Ideas of March
If you haven’t read an Ideas of March post yet they all start by explaining what an Ideas of March post is. I’m just going to link to Chris Shiflett’s 2012 update.
I believe I’m suppose to write about writing. When I started this blog in 2008 post-graduation it began as a tiny link hidden away in the footer of my portfolio website. I couldn’t write back then. Now, five years on, I’ve become exceedingly efficient at it (if you’ll excuse the Matrix quote) and this blog has become my website. That’s not to suggest I’ve gotten any better at writing (obviously), only that I’ve become more prolific.
What Do I Write About?
I blog because it exercises my mind. It forces me to think deeper and it allows me to share ideas and things that I’ve learnt.
I can knock out a thousand words before breakfast. A nice skill to have but one with many downsides. Primarily: I have more drafted posts than published ones. Only after I’ve tried to write about something do I realise how much I truly know. I think a lot of people would benefit from analysing the ideas they’ve expressed; they’ll probably come to a similar conclusion.
That is one reason why I write about some topics and not others.
I try to avoid preaching “best practices”, only techniques I find useful (though I’m sure there’s evidence to suggest otherwise). I like to share my experiences related to my career; you can’t beat a conference write-up. But above all, I never comment on industry-centric issues. Professionalism, elitism, sexism. I do not write about these things. It’s not that I don’t have opinions or interests — I do — it’s just that I’d rather concern myself with other, more positive topics. That doesn’t mean I choose to remain ignorant and shun any responsibility I may have as a fellow website maker, only that I choose not to share my thoughts on the Web.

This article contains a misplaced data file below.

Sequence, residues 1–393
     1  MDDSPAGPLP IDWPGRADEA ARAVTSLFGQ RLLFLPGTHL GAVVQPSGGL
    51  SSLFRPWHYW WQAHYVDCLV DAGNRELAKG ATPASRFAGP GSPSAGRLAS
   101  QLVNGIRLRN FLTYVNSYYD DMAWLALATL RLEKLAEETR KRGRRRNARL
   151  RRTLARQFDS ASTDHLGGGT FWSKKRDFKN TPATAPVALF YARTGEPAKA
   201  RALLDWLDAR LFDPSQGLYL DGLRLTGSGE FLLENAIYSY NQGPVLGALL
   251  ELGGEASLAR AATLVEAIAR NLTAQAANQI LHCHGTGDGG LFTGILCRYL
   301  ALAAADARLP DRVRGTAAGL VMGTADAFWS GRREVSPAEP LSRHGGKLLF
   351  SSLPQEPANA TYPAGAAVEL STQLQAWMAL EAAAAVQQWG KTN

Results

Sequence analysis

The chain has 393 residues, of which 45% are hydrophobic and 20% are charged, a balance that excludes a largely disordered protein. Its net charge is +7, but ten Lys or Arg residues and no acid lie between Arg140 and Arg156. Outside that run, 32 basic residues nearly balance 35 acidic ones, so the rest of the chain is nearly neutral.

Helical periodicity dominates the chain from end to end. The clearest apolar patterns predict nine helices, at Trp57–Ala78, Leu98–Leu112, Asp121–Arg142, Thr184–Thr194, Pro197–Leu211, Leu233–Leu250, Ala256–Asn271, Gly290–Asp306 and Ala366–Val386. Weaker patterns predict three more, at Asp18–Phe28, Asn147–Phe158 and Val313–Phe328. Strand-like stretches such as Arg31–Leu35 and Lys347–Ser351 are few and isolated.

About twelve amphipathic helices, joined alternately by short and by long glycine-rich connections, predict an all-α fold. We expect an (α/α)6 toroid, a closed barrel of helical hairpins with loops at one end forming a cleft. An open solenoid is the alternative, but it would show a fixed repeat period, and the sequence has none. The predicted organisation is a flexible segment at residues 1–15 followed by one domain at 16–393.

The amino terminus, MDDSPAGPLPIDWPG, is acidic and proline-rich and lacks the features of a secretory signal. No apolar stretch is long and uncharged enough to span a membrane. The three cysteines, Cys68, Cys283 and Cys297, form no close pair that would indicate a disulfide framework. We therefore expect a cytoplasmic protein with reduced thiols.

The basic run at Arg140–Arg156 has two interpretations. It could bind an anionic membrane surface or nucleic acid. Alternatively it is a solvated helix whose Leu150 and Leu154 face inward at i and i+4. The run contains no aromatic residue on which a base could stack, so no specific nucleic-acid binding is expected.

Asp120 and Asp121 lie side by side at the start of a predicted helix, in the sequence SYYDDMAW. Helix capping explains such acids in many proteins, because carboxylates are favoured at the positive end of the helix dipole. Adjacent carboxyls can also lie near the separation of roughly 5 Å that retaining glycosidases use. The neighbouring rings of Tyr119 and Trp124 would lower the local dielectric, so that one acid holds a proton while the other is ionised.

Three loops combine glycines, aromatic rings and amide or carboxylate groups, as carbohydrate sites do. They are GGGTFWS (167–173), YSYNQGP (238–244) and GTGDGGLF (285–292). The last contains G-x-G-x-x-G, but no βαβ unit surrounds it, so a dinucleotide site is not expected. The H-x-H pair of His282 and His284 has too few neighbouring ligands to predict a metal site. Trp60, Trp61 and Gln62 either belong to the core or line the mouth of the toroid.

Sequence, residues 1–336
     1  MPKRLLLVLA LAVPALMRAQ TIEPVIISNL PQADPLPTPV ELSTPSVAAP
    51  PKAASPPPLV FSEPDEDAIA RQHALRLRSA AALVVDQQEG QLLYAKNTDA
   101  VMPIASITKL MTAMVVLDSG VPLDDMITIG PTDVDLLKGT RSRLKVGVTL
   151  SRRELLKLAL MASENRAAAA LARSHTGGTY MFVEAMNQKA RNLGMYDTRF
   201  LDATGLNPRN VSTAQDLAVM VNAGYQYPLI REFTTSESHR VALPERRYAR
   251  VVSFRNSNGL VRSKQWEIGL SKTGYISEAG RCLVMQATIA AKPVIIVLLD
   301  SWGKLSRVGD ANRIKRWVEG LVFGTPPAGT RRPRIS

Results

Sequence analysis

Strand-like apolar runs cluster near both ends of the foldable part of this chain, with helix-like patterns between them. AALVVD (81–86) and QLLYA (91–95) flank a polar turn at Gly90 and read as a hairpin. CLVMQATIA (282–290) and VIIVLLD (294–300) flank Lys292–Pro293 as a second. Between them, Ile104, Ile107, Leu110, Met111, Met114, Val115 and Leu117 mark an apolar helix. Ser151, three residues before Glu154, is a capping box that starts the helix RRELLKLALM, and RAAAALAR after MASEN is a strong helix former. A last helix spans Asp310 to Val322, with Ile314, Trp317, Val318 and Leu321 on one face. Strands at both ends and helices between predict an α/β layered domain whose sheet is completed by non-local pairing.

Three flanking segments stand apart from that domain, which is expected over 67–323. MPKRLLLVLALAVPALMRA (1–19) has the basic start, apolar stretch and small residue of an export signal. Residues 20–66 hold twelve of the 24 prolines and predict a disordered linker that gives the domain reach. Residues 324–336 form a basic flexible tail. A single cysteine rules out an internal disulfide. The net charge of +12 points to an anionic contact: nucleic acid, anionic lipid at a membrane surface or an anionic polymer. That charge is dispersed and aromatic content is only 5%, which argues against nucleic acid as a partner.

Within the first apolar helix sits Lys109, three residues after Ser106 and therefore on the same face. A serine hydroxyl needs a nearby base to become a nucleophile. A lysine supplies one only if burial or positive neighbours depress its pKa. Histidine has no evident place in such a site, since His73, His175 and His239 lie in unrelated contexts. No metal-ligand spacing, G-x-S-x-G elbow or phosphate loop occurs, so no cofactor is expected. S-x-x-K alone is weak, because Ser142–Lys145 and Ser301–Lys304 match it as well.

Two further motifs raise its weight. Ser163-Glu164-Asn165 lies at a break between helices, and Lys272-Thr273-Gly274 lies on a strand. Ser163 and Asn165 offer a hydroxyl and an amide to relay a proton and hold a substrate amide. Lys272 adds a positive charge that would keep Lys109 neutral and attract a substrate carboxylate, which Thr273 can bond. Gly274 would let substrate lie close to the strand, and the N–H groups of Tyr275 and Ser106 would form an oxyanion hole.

I rarely blog about myself either — the “me” outside of the web designer & front-end developer. I have an account but I don’t use Facebook. I login maybe twice a year. I use Twitter strictly for “business” (though the occasional banal tweet is unavoidable). I simply have no desire to share my life online.
I know I’m not normal in that respect.
For kids these days the Web runs parallel to the physical world — a dimension where culture is not yet censored by man-made borders. A place where expression and sharing is encouraged and publicness is default. For people born into both worlds it’s understandable why the digital one is so exciting, so addictive. I belong to perhaps the last generation who can remember growing up without the Internet. I did, however, adopt it early and at a very young age. I made websites, I continued with over half a decade of education, and then I went back to making websites. Everyday I witness how powerful the Internet has become in shaping our future. Everyday I contribute to building part it.
Yet for me there is a disconnect.
As much as the Web fascinates me it also bores me. The more it draws me in the more I think about what is left behind: a world that I probably know less about. A world less explored. I guess that is why I only blog about website production. If I were to write about anything else I’d start to drift away from the keyboard.